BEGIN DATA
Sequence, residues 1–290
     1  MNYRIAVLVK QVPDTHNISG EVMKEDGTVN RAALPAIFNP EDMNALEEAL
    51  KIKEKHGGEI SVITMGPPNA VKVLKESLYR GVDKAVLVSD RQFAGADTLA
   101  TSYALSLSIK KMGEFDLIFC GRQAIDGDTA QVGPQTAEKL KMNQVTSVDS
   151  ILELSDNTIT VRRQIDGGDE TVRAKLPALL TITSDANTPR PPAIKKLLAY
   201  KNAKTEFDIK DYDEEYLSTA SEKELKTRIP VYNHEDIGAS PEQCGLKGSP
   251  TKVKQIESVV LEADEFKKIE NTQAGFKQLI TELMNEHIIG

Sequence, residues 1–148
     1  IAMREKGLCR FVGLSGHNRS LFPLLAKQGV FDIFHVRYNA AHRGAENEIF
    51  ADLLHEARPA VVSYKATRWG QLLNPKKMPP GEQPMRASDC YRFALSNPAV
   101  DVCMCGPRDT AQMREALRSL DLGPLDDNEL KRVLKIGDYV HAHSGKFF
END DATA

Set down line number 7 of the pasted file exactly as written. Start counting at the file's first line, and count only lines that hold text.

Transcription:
   251  TKVKQIESVV LEADEFKKIE NTQAGFKQLI TELMNEHIIG